A bit of WSU is taking hold in Southern California at Harvest Valley School.
As planned by educators at the elementary school, those seeds of knowledge — planted through the assistance of the alumni association — will help students forge promising futures by obtaining a higher education.
It’s all part of a program known as No Excuses University, a concept dedicated to the belief that all children have the potential to attend and graduate from a four-year university. Ordinarily, students at Harvest Valley — many of them underprivileged — might not be thought of as college-bound. The school is in Romoland, a town of about 10,000 in mostly rural Riverside County, California. It’s not a wealthy area, as 26 percent of the area’s population is below the poverty line and 83 percent of the elementary school’s students qualify for a free or reduced-price lunch.
As part of the No Excuses program, each class at the school “adopts” a university. The idea is to symbolize the commitment to the idea of goal setting and achieving the standards needed to attend college.
To that end, each class seeks to build a relationship with a university. For elementary education graduate Cheryl (Rossow) Lucas ’66, it was natural to seek out WSU. The second-grade teacher at Harvest Valley thought it would be fun — and motivating — for her students to learn about the Shockers and their lore.
Association staff sent a “goodie box” filled with cardboard Shockers, now proudly displayed by the students. They also sent rally towels and Shocker stickers, which are passed out to students as a reward for turning in their homework promptly. Yellow-and-black pompons were employed by students at a monthly rally when one of the class’ own was selected as the school’s “Student of the Month.”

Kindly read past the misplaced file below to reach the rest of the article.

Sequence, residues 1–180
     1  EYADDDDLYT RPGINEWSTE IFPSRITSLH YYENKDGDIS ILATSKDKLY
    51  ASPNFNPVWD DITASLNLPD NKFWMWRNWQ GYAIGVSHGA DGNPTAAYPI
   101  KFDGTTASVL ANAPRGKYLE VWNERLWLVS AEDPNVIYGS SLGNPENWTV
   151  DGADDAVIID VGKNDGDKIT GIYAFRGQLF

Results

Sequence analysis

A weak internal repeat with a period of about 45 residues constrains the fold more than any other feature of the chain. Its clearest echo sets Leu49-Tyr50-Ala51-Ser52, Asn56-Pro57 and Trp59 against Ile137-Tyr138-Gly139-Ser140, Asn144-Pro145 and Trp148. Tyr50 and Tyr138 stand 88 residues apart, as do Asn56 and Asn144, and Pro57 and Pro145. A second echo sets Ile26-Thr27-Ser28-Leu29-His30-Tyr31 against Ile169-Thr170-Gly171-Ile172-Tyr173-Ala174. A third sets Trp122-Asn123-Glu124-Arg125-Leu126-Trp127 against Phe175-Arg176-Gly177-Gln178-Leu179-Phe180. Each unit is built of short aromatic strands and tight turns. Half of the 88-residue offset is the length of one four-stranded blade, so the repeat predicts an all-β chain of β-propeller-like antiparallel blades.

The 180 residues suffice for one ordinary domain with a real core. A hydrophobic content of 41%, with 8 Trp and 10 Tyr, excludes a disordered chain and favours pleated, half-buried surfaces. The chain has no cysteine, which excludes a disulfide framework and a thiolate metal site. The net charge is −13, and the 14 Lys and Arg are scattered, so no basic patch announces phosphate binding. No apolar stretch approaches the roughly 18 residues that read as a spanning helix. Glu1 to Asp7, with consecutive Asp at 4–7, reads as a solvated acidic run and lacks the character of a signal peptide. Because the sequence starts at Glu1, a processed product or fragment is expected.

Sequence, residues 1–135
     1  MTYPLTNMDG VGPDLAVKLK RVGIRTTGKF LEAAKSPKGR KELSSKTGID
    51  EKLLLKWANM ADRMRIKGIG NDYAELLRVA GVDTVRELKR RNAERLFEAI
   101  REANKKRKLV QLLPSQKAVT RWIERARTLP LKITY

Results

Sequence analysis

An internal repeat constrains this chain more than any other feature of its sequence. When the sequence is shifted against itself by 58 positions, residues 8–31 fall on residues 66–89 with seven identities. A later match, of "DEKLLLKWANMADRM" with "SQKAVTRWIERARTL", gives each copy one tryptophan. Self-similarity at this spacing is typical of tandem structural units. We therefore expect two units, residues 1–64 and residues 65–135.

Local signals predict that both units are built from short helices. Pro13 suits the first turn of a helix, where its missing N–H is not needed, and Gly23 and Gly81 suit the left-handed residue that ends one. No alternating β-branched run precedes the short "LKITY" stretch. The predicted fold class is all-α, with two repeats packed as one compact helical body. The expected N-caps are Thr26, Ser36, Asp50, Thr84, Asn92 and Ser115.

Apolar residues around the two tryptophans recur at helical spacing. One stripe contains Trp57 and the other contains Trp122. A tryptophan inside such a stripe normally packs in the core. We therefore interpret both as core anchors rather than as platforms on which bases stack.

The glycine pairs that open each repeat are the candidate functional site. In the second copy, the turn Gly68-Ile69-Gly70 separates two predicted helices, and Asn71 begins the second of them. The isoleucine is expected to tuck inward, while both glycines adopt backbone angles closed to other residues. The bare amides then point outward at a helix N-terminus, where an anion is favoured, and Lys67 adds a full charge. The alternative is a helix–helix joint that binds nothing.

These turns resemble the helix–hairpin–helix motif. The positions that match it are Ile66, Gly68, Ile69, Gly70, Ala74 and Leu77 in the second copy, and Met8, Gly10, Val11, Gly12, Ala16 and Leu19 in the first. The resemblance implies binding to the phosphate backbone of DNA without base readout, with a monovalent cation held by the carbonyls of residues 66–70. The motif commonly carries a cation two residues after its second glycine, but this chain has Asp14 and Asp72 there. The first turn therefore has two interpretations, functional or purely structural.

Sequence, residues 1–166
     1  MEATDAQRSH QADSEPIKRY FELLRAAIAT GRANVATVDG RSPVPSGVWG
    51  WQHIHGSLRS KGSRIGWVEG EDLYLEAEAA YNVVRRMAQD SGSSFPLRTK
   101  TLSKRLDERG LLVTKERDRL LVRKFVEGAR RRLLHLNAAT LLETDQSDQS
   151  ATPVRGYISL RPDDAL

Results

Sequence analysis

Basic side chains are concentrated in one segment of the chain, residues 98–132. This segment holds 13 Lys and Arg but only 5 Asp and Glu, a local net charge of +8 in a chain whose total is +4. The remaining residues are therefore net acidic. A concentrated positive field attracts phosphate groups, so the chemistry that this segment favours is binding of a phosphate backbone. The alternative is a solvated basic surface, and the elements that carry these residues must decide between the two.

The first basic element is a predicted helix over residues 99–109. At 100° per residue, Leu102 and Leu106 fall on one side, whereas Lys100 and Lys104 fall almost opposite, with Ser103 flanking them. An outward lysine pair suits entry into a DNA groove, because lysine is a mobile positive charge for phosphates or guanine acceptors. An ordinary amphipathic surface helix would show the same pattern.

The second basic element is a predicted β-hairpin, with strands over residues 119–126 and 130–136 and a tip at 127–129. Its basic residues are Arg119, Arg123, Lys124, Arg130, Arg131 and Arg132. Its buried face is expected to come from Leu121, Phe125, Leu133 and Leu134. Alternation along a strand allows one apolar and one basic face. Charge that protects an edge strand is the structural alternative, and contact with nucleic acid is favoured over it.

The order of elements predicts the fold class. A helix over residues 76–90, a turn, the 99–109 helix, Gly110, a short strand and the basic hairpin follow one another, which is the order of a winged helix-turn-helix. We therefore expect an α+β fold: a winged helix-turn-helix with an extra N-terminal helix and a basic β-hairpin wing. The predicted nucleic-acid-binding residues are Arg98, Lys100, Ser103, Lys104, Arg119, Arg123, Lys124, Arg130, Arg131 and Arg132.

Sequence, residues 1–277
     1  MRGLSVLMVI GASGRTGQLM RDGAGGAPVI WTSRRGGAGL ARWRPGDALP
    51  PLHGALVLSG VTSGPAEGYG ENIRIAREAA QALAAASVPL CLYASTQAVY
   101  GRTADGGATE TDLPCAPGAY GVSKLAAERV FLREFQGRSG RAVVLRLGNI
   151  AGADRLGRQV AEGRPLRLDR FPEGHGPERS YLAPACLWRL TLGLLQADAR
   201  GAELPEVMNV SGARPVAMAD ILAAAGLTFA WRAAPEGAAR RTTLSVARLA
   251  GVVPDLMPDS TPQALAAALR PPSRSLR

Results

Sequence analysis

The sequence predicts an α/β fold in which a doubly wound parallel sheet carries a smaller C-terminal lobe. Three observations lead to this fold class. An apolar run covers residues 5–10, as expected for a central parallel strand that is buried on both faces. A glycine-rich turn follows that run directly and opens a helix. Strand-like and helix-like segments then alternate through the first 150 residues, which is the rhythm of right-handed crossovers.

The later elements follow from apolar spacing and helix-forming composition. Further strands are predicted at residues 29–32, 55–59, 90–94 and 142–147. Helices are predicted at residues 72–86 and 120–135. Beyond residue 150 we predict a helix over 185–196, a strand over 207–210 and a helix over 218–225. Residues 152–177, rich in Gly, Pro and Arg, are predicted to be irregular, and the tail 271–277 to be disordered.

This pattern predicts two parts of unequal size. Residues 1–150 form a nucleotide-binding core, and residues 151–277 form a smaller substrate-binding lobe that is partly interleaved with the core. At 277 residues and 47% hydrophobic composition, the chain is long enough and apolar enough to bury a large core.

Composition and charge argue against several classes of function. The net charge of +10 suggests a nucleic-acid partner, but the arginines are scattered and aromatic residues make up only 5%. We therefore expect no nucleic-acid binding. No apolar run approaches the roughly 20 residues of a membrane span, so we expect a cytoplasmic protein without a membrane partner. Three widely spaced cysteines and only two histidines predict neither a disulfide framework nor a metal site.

“Everyone at the school site was quite envious of our flashing ‘Shockers’ and wanted to know how we were so lucky as to receive them,” Lucas says. For a finishing touch, the WSU flag is displayed outside the classroom door. Principal Michelle Rodriguez says school officials believe that the daily visual reminders will motivate students.
For instance, students wear No Excuses University T-shirts with the year they will graduate from college, and on Fridays, they can wear “their school” colors. But visual aids are just one component of the No Excuses program. “It’s not just window dressing,” Rodriguez stresses and explains that students must show positive academic growth since there are standards the school must meet to stay in the program.
The key aspect, she says, is that the idea of going to college becomes real to her Harvest Valley students. “Now,” she says,
“they are talking about going to college from a young age.